Advanced search
1 file | 583.01 KB Add to list

Prevalence of the nocturnal polyuria syndrome in men

(2020) NEUROUROLOGY AND URODYNAMICS. 39(6). p.1732-1736
Author
Organization
Abstract
Aims Nocturnal polyuria (NP) is caused by a wide array of factors, including genitourinary and systemic comorbidities, modifiable behavior, and pharmaceuticals. When an identifying factor is absent, NP may be purely a symptom of the nocturnal polyuria syndrome (NPS) and secondary to blunting of normal arginine vasopressin action within the circadian rhythm. The purpose of this study is to determine the prevalence of NPS in male patients attending a Veterans Affairs outpatient urology clinic. Methods Retrospective database analysis was performed of voiding diaries from men who had established care for lower urinary tract symptoms from 2007 to 2018. Patients were excluded if they reported fewer than two nocturnal voids on voiding diary analysis or had comorbidity associated with NP. Distinct cutoffs were separately employed to identify NP: nocturnal polyuria index (NPi; calculated as nocturnal urine volume divided by 24-hour urine volume) greater than 0.33; and nocturnal urine production (NUP) greater than 90 mL/h. Results A total of 283 completed voiding diaries were evaluated and 202 patients had >= 2 nocturnal voids. After exclusions, at NPi greater than 33, the floor and ceiling NPS prevalence values were 21% and 41%, respectively. At NUP greater than 90 mL/h, the floor and ceiling NPS prevalence values were 17% and 32%, respectively. Conclusions The prevalence of NPS in patients with nocturia in the present study lies between 17% and 41%. NPS constitutes a clinically relevant subgroup of nocturia among male patients in the Veterans Affairs outpatient urology setting.
Keywords
antidiuretic hormone, desmopressin, nocturia, nocturnal polyuria, urinary bladder, QUALITY-OF-LIFE, OLDER-PEOPLE, DOUBLE-BLIND, DESMOPRESSIN, PATHOPHYSIOLOGY, NATRIURESIS, IMPACT

Downloads

  • (...).pdf
    • full text (Published version)
    • |
    • UGent only
    • |
    • PDF
    • |
    • 583.01 KB

Citation

Please use this url to cite or link to this publication:

MLA
Emeruwa, CJ, et al. “Prevalence of the Nocturnal Polyuria Syndrome in Men.” NEUROUROLOGY AND URODYNAMICS, vol. 39, no. 6, 2020, pp. 1732–36, doi:10.1002/nau.24403.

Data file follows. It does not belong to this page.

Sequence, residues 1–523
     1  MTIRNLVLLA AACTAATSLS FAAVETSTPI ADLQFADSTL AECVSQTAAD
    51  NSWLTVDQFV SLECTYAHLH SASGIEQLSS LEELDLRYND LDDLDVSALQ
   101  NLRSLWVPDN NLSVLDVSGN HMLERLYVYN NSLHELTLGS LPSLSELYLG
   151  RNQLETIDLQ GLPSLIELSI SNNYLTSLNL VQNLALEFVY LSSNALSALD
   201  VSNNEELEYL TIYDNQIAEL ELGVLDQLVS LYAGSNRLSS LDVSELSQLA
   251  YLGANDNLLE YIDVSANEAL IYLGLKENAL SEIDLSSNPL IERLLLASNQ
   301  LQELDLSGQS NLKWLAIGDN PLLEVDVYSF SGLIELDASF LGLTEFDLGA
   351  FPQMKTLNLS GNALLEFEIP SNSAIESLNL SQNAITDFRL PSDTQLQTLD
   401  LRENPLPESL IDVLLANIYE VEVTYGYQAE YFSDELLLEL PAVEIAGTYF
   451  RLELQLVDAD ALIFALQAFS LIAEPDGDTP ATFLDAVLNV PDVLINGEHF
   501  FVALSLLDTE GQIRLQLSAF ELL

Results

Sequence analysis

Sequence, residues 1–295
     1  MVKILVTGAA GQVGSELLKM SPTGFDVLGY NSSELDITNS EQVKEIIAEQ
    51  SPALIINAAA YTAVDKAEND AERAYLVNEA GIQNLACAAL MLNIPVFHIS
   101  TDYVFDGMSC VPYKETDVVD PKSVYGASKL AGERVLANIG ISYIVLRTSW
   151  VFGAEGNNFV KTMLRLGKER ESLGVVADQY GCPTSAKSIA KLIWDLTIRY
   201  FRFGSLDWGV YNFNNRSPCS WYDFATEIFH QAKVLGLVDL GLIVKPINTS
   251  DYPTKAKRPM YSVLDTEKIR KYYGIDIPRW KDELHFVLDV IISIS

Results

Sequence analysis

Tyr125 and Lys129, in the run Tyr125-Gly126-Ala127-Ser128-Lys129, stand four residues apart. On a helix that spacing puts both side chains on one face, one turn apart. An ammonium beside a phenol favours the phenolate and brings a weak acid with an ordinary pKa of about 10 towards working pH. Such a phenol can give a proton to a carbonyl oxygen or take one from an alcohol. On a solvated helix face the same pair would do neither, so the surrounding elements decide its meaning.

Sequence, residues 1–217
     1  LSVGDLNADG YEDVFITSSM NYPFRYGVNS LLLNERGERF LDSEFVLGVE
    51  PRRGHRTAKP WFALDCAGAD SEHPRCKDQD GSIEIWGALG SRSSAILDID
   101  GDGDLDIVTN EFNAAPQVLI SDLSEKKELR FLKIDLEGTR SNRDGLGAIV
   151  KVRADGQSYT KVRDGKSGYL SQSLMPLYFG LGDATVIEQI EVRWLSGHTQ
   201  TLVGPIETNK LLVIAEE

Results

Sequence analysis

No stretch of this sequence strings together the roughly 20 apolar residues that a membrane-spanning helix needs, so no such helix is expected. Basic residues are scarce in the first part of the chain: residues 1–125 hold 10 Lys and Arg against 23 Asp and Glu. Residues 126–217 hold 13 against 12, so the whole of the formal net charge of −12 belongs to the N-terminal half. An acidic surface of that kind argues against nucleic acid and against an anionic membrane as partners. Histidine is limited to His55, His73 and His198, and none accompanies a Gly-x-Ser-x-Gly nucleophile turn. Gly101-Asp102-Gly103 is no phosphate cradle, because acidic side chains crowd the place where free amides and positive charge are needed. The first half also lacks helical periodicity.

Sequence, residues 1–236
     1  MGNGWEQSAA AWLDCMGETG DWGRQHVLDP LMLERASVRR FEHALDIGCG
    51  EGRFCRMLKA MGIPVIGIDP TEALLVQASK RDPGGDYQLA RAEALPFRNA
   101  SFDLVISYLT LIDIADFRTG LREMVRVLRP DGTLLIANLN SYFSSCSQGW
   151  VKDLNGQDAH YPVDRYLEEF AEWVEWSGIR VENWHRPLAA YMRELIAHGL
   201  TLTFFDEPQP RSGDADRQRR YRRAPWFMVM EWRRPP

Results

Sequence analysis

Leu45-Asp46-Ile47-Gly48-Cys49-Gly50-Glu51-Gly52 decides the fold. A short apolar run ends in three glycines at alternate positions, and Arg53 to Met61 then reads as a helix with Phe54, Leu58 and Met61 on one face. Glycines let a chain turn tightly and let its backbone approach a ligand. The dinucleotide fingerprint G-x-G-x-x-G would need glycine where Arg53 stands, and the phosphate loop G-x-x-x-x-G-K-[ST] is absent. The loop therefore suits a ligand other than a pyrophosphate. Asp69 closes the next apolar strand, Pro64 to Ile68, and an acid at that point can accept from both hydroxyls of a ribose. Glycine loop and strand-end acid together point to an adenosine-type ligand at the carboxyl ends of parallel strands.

APA
Emeruwa, C., Epstein, M., Michelson, K., Monaghan, T., & Weiss, J. (2020). Prevalence of the nocturnal polyuria syndrome in men. NEUROUROLOGY AND URODYNAMICS, 39(6), 1732–1736. https://doi.org/10.1002/nau.24403
Chicago author-date
Emeruwa, CJ, MR Epstein, KP Michelson, Thomas Monaghan, and Jeffrey Weiss. 2020. “Prevalence of the Nocturnal Polyuria Syndrome in Men.” NEUROUROLOGY AND URODYNAMICS 39 (6): 1732–36. https://doi.org/10.1002/nau.24403.
Chicago author-date (all authors)
Emeruwa, CJ, MR Epstein, KP Michelson, Thomas Monaghan, and Jeffrey Weiss. 2020. “Prevalence of the Nocturnal Polyuria Syndrome in Men.” NEUROUROLOGY AND URODYNAMICS 39 (6): 1732–1736. doi:10.1002/nau.24403.
Vancouver
1.
Emeruwa C, Epstein M, Michelson K, Monaghan T, Weiss J. Prevalence of the nocturnal polyuria syndrome in men. NEUROUROLOGY AND URODYNAMICS. 2020;39(6):1732–6.
IEEE
[1]
C. Emeruwa, M. Epstein, K. Michelson, T. Monaghan, and J. Weiss, “Prevalence of the nocturnal polyuria syndrome in men,” NEUROUROLOGY AND URODYNAMICS, vol. 39, no. 6, pp. 1732–1736, 2020.
@article{8670566,
  abstract     = {Aims Nocturnal polyuria (NP) is caused by a wide array of factors, including genitourinary and systemic comorbidities, modifiable behavior, and pharmaceuticals. When an identifying factor is absent, NP may be purely a symptom of the nocturnal polyuria syndrome (NPS) and secondary to blunting of normal arginine vasopressin action within the circadian rhythm. The purpose of this study is to determine the prevalence of NPS in male patients attending a Veterans Affairs outpatient urology clinic.

Methods Retrospective database analysis was performed of voiding diaries from men who had established care for lower urinary tract symptoms from 2007 to 2018. Patients were excluded if they reported fewer than two nocturnal voids on voiding diary analysis or had comorbidity associated with NP. Distinct cutoffs were separately employed to identify NP: nocturnal polyuria index (NPi; calculated as nocturnal urine volume divided by 24-hour urine volume) greater than 0.33; and nocturnal urine production (NUP) greater than 90 mL/h.

Results A total of 283 completed voiding diaries were evaluated and 202 patients had >= 2 nocturnal voids. After exclusions, at NPi greater than 33, the floor and ceiling NPS prevalence values were 21% and 41%, respectively. At NUP greater than 90 mL/h, the floor and ceiling NPS prevalence values were 17% and 32%, respectively.

Conclusions The prevalence of NPS in patients with nocturia in the present study lies between 17% and 41%. NPS constitutes a clinically relevant subgroup of nocturia among male patients in the Veterans Affairs outpatient urology setting.},
  author       = {Emeruwa, CJ and Epstein, MR and Michelson, KP and Monaghan, Thomas and Weiss, Jeffrey},
  issn         = {0733-2467},
  journal      = {NEUROUROLOGY AND URODYNAMICS},
  keywords     = {antidiuretic hormone,desmopressin,nocturia,nocturnal polyuria,urinary bladder,QUALITY-OF-LIFE,OLDER-PEOPLE,DOUBLE-BLIND,DESMOPRESSIN,PATHOPHYSIOLOGY,NATRIURESIS,IMPACT},
  language     = {eng},
  number       = {6},
  pages        = {1732--1736},
  title        = {Prevalence of the nocturnal polyuria syndrome in men},
  url          = {http://dx.doi.org/10.1002/nau.24403},
  volume       = {39},
  year         = {2020},
}

Altmetric
View in Altmetric
Web of Science
Times cited: